Research Week Keynote Speaker


Professor Ruha Benjamin

Ruha Benjamin is an assistant professor of African American studies at Princeton University, author of People’s Science: Bodies and Rights on the Stem Cell Frontier (Stanford University Press), and 2016-17 fellow at the Institute for Advanced Study in Princeton, New Jersey. Her work examines the social dimensions of science, technology, and medicine with a particular focus on the relationship between innovation and inequity. She earned her PhD in sociology from UC Berkeley, completed fellowships at UCLA’s Institute for Genetics and Society and Harvard's Science, Technology and Society Program, and has received grants and fellowships from the American Council of Learned Societies, National Science Foundation, Ford Foundation, and California Institute for Regenerative Medicine. Her work is published in numerous journals including Science, Technology, and Human Values, Ethnicity & Health and Annals of the American Academy of Social and Political Science. Visit:




"Beyond Buzzwords: Innovation, Inequality, and Imagination in the 21st Century"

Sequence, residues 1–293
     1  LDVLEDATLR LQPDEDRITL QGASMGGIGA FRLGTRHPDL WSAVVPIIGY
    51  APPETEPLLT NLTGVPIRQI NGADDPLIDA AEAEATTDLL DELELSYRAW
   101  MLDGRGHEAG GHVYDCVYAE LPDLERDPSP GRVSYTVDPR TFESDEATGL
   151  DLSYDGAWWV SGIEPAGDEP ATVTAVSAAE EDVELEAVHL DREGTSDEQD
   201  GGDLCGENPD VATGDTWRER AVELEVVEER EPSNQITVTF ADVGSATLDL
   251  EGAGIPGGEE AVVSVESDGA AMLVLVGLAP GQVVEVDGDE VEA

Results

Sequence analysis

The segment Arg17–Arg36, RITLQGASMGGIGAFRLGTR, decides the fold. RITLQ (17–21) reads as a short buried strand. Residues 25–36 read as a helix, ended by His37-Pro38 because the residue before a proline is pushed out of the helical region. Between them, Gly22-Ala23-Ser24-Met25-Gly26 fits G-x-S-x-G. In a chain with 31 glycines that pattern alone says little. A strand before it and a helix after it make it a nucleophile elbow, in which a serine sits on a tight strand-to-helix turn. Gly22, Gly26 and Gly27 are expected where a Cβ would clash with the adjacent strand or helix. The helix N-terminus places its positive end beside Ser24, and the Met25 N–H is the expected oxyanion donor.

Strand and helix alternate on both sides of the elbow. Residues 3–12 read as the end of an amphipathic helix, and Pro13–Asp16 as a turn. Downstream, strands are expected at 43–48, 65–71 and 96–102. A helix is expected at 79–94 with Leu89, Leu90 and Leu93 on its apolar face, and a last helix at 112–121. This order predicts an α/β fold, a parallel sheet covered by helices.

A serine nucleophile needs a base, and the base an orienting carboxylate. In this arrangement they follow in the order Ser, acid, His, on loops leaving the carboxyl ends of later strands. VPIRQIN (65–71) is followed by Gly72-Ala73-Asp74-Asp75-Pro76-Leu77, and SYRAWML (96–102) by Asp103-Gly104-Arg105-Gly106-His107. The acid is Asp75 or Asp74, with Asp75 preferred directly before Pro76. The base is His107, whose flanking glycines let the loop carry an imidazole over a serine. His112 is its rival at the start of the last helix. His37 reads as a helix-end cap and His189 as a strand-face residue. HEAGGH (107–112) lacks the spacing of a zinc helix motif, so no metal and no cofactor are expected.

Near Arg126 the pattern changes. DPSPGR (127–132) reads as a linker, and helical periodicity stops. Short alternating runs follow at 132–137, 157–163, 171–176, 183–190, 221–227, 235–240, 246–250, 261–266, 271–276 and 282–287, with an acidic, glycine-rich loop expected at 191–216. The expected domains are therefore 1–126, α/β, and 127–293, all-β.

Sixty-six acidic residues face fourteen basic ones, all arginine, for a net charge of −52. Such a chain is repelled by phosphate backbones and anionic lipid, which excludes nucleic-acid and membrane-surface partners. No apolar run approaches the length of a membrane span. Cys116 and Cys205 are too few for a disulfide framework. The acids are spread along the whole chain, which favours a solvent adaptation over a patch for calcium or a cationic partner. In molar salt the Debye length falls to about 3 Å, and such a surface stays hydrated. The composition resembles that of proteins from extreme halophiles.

From precision medicine to predictive algorithms, science and technology seek to address a variety of human problems by producing data and tools to help us understand our world and ourselves. But without careful consideration of the social dimensions of innovation, we risk reinforcing longstanding forms of inequality and injustice, and even producing new forms of discrimination that are hidden behind a veneer of technological neutrality. In this talk, I examine a range of contemporary issues at the nexus of data and democracy—from national DNA databases across the globe to online targeted advertisements on your computer screen—so that we can think together about the social values embedded in these platforms and systems. My aim is to expand our collective imagination around what counts as relevant and meaningful to scholarship and public debate on Big Data so that a greater array of scholars and public contributions to the design of the world we inhabit.